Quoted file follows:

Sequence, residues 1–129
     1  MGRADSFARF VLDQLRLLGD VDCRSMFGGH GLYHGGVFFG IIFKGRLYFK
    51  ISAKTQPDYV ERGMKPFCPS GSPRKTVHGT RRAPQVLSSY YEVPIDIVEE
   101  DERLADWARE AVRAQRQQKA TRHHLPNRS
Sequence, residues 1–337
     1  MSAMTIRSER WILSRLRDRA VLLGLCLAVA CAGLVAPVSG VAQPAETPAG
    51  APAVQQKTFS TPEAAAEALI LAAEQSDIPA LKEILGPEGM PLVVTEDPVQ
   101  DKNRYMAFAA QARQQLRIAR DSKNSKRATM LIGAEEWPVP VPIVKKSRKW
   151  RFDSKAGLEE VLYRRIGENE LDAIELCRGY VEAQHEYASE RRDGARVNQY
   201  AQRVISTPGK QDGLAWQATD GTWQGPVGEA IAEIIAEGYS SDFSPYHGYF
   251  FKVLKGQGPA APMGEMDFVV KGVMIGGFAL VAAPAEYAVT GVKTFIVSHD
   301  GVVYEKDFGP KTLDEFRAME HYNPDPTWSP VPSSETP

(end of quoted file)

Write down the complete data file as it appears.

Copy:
Sequence, residues 1–129
     1  MGRADSFARF VLDQLRLLGD VDCRSMFGGH GLYHGGVFFG IIFKGRLYFK
    51  ISAKTQPDYV ERGMKPFCPS GSPRKTVHGT RRAPQVLSSY YEVPIDIVEE
   101  DERLADWARE AVRAQRQQKA TRHHLPNRS
Sequence, residues 1–337
     1  MSAMTIRSER WILSRLRDRA VLLGLCLAVA CAGLVAPVSG VAQPAETPAG
    51  APAVQQKTFS TPEAAAEALI LAAEQSDIPA LKEILGPEGM PLVVTEDPVQ
   101  DKNRYMAFAA QARQQLRIAR DSKNSKRATM LIGAEEWPVP VPIVKKSRKW
   151  RFDSKAGLEE VLYRRIGENE LDAIELCRGY VEAQHEYASE RRDGARVNQY
   201  AQRVISTPGK QDGLAWQATD GTWQGPVGEA IAEIIAEGYS SDFSPYHGYF
   251  FKVLKGQGPA APMGEMDFVV KGVMIGGFAL VAAPAEYAVT GVKTFIVSHD
   301  GVVYEKDFGP KTLDEFRAME HYNPDPTWSP VPSSETP